Another One Bites the Dust: Founders National Bank

text, current photos, matchcover, and playing cards by Lynne Rostochil.  Vintage images by Bob Bowlby, Oklahoma History Center, and Julius Shulman.

Today, the Okie Mod Squad group is mourning the loss of one of Oklahoma City’s most beloved buildings, the gloriously mod Founders National Bank located at May and United Founders Boulevard.

It’s sickening to think that we won’t get to enjoy this elegant arched building anymore and will instead be viewing some ugly box store, gas station, or strip mall on the site.  Oklahoma City has certainly lost an important piece of its distinctive architectural character that can never be replaced.  To let the impact of this sink in, let’s take a look back at the lighter-than-air Founders National Bank in better days.  The following is from a Mod Blog we wrote a few years ago that was devoted to the building’s architect, Bob Bowlby:

Seeing an opportunity to capitalize on Oklahoma City’s suburban expansion, movie theater owner, Jerry Barton, who also sat on the board of Founders National Bank, decided that the area around N. May and Northwest Expressway would be the perfect place to construct a new bank building that would serve the quickly growing suburban area.  Once the board approved his idea, Barton enlisted the services of (former Bruce Goff student) Robert Alan Bowlby to design the new bank, giving the young architect free reign to create something bold and unique.

Bowlby’s bold and elegant design for the new bank, which opened in 1964, incorporated the use of two 50-foot exterior arches that supported the building and removed the need for interior walls altogether.  This allowed for expansive, open spaces inside that gave the structure an exuberant feeling of lightness, so light it seemed the entire building could lift up and fly away with the breezy Oklahoma wind if not for the giant arches tethering it to the ground.

Other distinctive features of the bank included a concave, floating roof that provided a substantial amount of indirect lighting; large floor-to-ceiling windows that made the interior spaces look much larger than they really were, and a century-old, 16-ton vault door shipped from Toledo, Ohio, that both protected the bank’s assets and became the focal point of the otherwise modern lobby:

When LA-based architectural photographer, Julius Shulman arrived in Oklahoma City to take images of Herb Greene’s Cunningham House in 1964, he asked Bowlby, who was also an architectural photographer, to assist him during his stay.  The two spent the next three days photographing the home and other buildings, during which time Bowlby drove the always-curious photographer to the recently completed Founders National Bank.  Shulman was immediately intrigued by the bank’s unique design, as well as the photographic possibilities it presented, and added the building to his list of structures to shoot while he was in town.  On the last day of his visit, Shulman and Bowlby headed over to Founders National Bank just before dusk one evening, and the famed camera man captured the stunning building in all of its dramatic glory just as the sun was setting in a cloudless sky:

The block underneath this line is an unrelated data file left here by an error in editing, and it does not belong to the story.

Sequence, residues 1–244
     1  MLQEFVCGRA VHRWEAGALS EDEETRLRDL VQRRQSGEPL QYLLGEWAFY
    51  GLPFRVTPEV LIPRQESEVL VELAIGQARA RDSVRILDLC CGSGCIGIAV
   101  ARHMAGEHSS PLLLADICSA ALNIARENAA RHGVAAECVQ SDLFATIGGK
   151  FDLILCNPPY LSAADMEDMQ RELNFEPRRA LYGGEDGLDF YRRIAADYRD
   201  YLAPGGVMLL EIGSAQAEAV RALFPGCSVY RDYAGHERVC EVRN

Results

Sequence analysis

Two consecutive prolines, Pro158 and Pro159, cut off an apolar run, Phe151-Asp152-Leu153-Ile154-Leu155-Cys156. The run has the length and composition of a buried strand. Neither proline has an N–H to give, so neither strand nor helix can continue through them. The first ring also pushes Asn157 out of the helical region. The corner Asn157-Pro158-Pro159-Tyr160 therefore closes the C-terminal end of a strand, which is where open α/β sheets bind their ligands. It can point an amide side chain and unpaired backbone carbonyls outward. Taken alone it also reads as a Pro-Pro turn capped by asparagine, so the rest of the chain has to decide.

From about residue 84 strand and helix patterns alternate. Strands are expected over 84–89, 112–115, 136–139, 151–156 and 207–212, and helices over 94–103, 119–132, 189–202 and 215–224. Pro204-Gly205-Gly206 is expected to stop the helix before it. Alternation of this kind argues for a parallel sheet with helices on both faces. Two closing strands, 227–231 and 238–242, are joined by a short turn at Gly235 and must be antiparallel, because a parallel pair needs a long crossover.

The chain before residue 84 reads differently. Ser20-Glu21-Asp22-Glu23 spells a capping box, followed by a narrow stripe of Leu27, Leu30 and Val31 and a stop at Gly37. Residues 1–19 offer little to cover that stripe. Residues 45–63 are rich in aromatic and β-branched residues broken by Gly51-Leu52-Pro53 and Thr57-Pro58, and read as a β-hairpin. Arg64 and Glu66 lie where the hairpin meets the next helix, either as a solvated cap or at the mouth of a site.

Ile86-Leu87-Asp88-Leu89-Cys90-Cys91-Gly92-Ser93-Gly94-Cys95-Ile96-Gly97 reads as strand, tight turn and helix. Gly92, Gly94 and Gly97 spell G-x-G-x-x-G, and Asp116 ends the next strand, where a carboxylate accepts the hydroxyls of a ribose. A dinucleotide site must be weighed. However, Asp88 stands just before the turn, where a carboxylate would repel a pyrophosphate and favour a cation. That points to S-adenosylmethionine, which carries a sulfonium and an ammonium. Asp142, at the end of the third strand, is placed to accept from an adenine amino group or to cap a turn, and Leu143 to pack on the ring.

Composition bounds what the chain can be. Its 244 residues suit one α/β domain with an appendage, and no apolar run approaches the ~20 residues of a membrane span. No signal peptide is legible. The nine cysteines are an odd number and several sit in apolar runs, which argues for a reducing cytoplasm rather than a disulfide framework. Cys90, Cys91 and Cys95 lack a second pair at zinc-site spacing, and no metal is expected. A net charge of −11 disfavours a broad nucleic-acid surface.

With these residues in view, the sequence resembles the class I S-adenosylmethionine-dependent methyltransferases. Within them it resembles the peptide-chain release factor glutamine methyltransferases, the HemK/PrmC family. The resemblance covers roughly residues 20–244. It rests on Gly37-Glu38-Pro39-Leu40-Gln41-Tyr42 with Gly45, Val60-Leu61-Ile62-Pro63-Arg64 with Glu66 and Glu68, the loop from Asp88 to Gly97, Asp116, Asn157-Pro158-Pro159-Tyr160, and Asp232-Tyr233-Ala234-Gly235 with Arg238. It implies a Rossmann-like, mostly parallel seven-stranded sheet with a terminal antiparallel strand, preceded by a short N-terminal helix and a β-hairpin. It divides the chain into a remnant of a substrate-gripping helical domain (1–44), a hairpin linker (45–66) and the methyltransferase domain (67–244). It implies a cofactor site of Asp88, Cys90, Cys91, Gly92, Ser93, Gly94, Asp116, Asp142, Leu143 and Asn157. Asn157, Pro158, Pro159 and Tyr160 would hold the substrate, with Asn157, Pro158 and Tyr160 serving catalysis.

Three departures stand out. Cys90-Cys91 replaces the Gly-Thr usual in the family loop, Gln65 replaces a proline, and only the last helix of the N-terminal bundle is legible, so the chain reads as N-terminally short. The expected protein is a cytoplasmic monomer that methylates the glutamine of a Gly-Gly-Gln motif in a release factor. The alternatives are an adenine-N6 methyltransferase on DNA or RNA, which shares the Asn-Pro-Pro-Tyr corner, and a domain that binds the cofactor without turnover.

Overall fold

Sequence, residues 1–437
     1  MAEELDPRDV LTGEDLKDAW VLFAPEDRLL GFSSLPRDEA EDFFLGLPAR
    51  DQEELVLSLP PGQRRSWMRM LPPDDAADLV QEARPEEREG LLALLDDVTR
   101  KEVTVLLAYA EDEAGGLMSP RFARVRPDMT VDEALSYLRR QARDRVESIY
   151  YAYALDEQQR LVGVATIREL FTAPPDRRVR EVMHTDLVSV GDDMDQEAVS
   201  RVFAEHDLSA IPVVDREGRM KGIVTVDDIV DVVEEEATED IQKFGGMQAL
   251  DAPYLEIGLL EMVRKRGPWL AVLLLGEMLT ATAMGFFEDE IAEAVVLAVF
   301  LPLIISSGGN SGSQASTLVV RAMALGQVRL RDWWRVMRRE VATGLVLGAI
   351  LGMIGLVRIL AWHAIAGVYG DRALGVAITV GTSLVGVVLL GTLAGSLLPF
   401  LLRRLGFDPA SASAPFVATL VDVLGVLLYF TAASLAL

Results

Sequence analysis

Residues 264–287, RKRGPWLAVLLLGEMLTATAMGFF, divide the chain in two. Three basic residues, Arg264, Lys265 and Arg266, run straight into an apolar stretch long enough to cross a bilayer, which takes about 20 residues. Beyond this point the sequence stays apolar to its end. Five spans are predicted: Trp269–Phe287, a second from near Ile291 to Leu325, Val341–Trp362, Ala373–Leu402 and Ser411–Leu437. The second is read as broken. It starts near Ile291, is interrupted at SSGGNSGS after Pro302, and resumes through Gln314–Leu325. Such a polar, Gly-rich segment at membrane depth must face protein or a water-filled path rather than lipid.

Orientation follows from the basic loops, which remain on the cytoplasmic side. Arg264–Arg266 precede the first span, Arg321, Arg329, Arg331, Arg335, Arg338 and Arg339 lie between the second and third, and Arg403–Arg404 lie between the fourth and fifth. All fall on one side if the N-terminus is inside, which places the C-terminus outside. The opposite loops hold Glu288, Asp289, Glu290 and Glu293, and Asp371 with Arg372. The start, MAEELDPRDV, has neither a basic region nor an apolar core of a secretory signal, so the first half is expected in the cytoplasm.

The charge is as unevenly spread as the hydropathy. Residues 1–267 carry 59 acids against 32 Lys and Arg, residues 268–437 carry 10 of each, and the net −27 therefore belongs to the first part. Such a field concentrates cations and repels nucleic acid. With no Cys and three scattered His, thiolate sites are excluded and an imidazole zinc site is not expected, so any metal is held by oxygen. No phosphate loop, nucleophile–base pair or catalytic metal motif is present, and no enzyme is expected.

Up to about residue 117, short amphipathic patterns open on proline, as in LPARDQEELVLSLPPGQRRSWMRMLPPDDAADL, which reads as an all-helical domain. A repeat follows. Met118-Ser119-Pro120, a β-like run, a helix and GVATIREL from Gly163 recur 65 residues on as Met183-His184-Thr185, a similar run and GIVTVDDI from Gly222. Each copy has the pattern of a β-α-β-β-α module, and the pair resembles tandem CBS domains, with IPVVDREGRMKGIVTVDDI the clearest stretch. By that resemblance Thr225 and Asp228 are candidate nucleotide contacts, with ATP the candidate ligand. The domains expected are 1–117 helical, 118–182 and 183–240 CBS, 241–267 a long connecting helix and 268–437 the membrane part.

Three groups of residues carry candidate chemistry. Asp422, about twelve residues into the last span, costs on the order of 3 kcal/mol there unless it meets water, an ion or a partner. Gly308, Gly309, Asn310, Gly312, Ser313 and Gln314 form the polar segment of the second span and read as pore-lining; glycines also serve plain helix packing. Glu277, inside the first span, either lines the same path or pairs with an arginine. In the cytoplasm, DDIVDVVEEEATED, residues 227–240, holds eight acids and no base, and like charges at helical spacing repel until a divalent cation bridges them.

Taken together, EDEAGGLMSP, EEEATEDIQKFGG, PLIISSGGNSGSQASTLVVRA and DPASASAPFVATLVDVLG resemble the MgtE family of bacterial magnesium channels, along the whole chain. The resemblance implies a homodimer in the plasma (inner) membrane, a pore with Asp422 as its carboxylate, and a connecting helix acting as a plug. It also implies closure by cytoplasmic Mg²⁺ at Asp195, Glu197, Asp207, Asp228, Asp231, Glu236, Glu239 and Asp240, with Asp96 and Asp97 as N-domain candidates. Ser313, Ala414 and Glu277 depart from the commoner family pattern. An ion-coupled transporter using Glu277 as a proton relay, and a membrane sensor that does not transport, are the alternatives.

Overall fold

There was also a cute drive-thru:

The building’s unique design was so popular that it graced the covers of matchbooks and playing cards distributed by the bank over the next two decades:

In the 1980s, the glass wall around the perimeter of the building was removed to increase the office space, and a brick surround took its place.  With the addition, the building has certainly lost its lighter-than-air feeling, but, luckily, the iconic arches and roofline remained:

In 1992, Boatmen’s purchased Founders and then a few years later, NationsBank bought Boatmen’s and then Bank of America took over NationsBank.  Bank of America remained in the former Founders building until August 2017, when the current owner, Austin-based Schlosser Development, cut short their long-term lease and kicked them out.  Bank of America and other local businesses contacted the owner about buying the property, but they were unwilling to negotiate the high $3.1 million asking price.

The building and the surrounding undeveloped area were listed for sale in October 2017 and it was demolished today, supposedly to make the cleared site more attractive to developers:

I think I just threw up in my mouth a little.

RIP, beautiful Founders Bank.

Since the building was demolished, it was featured in the Lost section of Preservation magazine, in the Architect’s Newspaper, on NPR.